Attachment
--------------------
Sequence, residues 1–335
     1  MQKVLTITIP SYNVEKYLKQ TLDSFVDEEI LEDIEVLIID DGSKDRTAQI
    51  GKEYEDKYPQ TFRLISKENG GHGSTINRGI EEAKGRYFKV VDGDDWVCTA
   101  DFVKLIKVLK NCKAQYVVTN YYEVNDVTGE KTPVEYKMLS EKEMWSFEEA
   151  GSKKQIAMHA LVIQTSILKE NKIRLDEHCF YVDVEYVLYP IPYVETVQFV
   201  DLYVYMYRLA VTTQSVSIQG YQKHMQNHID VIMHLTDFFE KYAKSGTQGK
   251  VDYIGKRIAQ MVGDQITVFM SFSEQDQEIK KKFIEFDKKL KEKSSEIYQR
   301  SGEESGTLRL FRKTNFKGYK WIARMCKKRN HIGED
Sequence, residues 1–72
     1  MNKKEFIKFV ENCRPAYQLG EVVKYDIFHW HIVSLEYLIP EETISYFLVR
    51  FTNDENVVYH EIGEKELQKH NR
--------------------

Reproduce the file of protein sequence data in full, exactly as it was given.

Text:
Sequence, residues 1–335
     1  MQKVLTITIP SYNVEKYLKQ TLDSFVDEEI LEDIEVLIID DGSKDRTAQI
    51  GKEYEDKYPQ TFRLISKENG GHGSTINRGI EEAKGRYFKV VDGDDWVCTA
   101  DFVKLIKVLK NCKAQYVVTN YYEVNDVTGE KTPVEYKMLS EKEMWSFEEA
   151  GSKKQIAMHA LVIQTSILKE NKIRLDEHCF YVDVEYVLYP IPYVETVQFV
   201  DLYVYMYRLA VTTQSVSIQG YQKHMQNHID VIMHLTDFFE KYAKSGTQGK
   251  VDYIGKRIAQ MVGDQITVFM SFSEQDQEIK KKFIEFDKKL KEKSSEIYQR
   301  SGEESGTLRL FRKTNFKGYK WIARMCKKRN HIGED
Sequence, residues 1–72
     1  MNKKEFIKFV ENCRPAYQLG EVVKYDIFHW HIVSLEYLIP EETISYFLVR
    51  FTNDENVVYH EIGEKELQKH NR